I never met her, but I can tell you now, she wasn’t a Mr. Koester or a Mrs. Salyers. 


I once asked Tom what it was he liked so much about Mr. Koester. He didn’t talk about curriculum specifically. He talked about intangible elements that made him want to learn. Elements of respect and care. “He made us curious,” Tom told me.


Mrs. Salyers made me curious as well. She valued my efforts even when I missed the mark. She was the first teacher to tell me I was a writer. Her words of encouragement could have led me to become a writer many years ago. 


But no, I wanted to be a teacher. Just. Like. Her. 


Do you have a favorite teacher? What made that person special in your eyes? I’m pretty sure it wasn’t a test score. 


Wednesday, August 4, 2021

An Eat-Your-Vegetables Kind of Moment...With a Dose of Pure Honey

An Eat-Your-Vegetables Kind of Moment...With a Dose of Pure Honey

I started this blog because “I had to.” It was an eat-your-vegetables-because-they’re-good-for-you kind of moment. It was a word of wisdom I gleaned from writers, editors, and publishers at my first writing conference. 


“You need to start a blog.”

“Learn how to blog.”

“No matter what else you do…blog.”


And finally, from my first publisher, “How many followers do you have on your blog?”


I was honest. I told him I didn’t have a blog. Yet. He encouraged me to start one. “As soon as possible.” There was this one tiny problem: I had no clue what a blog was and was pretty sure I had never read one. Write one? 


That was the first week of June, 2012. 


I came home from the conference and looked up blogging. I read a few and honestly couldn’t understand what the fuss was all about. I found a free course offered by Jeff Goins online and joined it. It was likely the best move I could have made.


I handed in my final manuscript to my publisher on December 1, 2012 and turned my attention to my blog. My research was complete. I was ready to blog except for one small glitch: I wasn’t a grand cook blogging my way through a cookbook as in the movie Julie & Julia. I wasn’t an expert on gardening, sewing, crafts, or anything as far as I could see.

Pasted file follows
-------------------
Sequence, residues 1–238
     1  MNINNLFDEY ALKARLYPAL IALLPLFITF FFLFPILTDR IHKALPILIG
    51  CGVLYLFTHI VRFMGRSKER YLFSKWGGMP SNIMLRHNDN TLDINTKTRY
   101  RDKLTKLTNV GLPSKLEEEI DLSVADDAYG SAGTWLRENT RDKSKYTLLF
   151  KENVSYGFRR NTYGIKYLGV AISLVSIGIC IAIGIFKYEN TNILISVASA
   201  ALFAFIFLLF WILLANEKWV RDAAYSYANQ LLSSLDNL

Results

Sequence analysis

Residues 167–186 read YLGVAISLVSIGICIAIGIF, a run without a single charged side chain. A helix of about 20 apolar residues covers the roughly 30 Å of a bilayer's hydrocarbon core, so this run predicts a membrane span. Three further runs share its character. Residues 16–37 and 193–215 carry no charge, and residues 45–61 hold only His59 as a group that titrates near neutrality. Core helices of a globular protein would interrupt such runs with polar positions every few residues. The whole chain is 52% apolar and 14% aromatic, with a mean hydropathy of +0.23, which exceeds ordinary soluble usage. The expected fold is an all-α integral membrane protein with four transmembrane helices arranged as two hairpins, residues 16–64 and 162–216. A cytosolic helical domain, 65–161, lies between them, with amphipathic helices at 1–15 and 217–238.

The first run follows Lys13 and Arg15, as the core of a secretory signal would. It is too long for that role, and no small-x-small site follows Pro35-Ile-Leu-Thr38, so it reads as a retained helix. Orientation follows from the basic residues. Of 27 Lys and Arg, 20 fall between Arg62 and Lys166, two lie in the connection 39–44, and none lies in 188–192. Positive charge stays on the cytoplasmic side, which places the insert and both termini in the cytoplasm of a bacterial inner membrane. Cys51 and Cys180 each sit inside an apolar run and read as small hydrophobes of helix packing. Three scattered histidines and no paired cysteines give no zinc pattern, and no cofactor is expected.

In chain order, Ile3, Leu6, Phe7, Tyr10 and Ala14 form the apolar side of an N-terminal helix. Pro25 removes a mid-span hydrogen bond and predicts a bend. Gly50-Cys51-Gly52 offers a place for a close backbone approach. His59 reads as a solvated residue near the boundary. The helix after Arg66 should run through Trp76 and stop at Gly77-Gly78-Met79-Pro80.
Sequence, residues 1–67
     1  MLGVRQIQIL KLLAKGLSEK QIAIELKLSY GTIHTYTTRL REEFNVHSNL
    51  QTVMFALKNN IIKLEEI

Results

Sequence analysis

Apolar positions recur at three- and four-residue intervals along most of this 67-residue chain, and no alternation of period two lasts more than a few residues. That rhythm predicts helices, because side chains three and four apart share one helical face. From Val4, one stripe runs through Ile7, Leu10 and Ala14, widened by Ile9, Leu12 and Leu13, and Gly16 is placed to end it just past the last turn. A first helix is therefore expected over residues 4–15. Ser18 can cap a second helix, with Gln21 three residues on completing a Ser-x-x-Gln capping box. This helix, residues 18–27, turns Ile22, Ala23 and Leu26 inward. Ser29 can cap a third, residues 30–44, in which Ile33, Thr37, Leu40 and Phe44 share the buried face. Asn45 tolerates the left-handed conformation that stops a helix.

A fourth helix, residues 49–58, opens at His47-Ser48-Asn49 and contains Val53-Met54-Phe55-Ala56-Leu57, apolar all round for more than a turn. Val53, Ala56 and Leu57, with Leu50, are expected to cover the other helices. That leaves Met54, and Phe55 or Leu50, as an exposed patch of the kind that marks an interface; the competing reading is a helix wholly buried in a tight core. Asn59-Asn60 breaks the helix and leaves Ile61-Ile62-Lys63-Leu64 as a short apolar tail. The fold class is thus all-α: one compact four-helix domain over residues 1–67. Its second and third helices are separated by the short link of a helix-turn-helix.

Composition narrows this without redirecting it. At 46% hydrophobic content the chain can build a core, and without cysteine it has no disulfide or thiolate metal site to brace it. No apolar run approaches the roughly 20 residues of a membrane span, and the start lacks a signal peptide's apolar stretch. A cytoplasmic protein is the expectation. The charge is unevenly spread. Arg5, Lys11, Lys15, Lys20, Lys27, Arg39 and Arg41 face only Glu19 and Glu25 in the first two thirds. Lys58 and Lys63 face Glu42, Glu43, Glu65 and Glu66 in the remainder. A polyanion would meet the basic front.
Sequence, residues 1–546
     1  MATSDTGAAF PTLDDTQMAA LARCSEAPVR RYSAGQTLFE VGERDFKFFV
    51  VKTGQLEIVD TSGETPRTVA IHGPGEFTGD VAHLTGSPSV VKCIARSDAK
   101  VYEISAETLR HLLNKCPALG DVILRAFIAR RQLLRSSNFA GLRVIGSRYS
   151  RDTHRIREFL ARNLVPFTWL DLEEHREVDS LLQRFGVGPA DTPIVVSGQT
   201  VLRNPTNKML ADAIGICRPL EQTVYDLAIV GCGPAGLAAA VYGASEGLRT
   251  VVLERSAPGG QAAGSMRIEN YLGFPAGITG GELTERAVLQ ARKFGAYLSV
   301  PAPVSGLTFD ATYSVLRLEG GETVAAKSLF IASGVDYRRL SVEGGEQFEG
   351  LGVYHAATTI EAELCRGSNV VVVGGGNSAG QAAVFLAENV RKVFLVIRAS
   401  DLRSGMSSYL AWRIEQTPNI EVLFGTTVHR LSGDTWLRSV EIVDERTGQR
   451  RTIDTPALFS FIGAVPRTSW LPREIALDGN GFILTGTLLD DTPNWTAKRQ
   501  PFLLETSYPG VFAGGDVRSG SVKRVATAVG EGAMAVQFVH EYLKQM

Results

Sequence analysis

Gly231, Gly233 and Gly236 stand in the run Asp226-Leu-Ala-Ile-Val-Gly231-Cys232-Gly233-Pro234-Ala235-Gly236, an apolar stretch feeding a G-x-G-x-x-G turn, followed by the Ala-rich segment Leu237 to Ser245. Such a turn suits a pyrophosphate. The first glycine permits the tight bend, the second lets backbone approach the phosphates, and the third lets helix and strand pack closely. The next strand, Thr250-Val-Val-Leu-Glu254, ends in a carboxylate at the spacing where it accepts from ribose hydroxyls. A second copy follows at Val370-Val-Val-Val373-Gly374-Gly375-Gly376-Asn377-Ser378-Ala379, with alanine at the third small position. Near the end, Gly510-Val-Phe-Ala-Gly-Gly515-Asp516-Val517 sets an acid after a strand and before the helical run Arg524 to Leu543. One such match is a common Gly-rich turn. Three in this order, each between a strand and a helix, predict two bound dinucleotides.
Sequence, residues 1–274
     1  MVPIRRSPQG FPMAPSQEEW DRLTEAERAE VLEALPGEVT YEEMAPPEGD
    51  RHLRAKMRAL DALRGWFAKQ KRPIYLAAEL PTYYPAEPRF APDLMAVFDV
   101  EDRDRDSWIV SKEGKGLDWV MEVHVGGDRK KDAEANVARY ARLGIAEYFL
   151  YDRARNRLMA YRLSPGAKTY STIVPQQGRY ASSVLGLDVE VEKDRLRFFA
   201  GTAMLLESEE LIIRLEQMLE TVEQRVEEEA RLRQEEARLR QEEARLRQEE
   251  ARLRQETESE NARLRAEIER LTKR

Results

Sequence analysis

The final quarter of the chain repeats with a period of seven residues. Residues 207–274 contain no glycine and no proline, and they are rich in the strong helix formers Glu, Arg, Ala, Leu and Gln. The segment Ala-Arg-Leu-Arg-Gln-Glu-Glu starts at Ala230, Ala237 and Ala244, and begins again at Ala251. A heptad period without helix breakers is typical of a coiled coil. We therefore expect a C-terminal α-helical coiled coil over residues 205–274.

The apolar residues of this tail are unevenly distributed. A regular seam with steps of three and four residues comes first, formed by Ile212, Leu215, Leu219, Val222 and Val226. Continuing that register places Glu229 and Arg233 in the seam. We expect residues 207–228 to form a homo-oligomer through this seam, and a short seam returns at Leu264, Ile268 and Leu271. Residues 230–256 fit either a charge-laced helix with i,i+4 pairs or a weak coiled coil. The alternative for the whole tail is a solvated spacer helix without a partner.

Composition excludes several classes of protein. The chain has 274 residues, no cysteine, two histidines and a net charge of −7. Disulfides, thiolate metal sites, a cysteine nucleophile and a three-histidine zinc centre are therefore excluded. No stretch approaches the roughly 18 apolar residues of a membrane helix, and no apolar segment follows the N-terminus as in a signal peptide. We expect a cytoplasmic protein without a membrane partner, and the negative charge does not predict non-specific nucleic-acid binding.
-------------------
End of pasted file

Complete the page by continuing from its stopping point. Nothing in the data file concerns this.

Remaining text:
I was a teacher. I was a professor. Sure, I was a wife and mother and served in my church, but everything I studied on blogging let me know I needed a unique or expert vantage point. I’m just me. I had nothing to offer. I was sure of it.


So…I called my blog “A Novel Creation.” I shared with other novice authors what I was learning about writing and publishing and the entire experience as I moved through the process of my first novel, Breathing on Her Own


I set up the blog and ran a trial post on December 26, 2012. I called it, “Who is Rebecca Waters?” I wanted to see what it looked like. I put something on Facebook about it and wound up with over 200 readers for my first post. I was excited, though now I think a few of those readers were family and friends who read the post more than once in an effort to encourage me. 


In fact, I KNOW a few readers visited that blog more than once. Here it is, 2021 and I only just revisited it myself in preparation for this post. I hadn’t looked at that first entry at all for quite some time. 


I glanced at the list of published posts. There were three comments listed for that first trial run. Three? I try to answer all comments so there should be an even number. Someone wrote a comment I didn’t see. 


I opened the post and saw the word “anonymous.” Hmmm. I read the comment. It was dated February 24, 2013.  Here is a screen shot of the comment:



"Rifka." Tom's name for me. The blog may have started as good-for-me-vegetables, but today? As I approach the seven-year anniversary of my husband’s death, his words are like honey for my soul.


Never underestimate the power of the printed word.